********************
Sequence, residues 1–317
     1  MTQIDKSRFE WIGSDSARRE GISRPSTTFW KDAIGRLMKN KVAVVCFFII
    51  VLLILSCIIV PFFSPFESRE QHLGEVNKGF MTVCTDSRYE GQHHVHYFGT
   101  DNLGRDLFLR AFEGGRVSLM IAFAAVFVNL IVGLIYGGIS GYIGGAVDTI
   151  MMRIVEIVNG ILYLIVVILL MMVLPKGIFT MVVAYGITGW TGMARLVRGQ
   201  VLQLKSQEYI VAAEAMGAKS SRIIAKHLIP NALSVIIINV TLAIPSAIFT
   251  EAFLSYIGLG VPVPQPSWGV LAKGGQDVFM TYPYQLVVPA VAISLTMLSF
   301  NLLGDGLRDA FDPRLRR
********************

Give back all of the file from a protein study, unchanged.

Sequence, residues 1–317
     1  MTQIDKSRFE WIGSDSARRE GISRPSTTFW KDAIGRLMKN KVAVVCFFII
    51  VLLILSCIIV PFFSPFESRE QHLGEVNKGF MTVCTDSRYE GQHHVHYFGT
   101  DNLGRDLFLR AFEGGRVSLM IAFAAVFVNL IVGLIYGGIS GYIGGAVDTI
   151  MMRIVEIVNG ILYLIVVILL MMVLPKGIFT MVVAYGITGW TGMARLVRGQ
   201  VLQLKSQEYI VAAEAMGAKS SRIIAKHLIP NALSVIIINV TLAIPSAIFT
   251  EAFLSYIGLG VPVPQPSWGV LAKGGQDVFM TYPYQLVVPA VAISLTMLSF
   301  NLLGDGLRDA FDPRLRR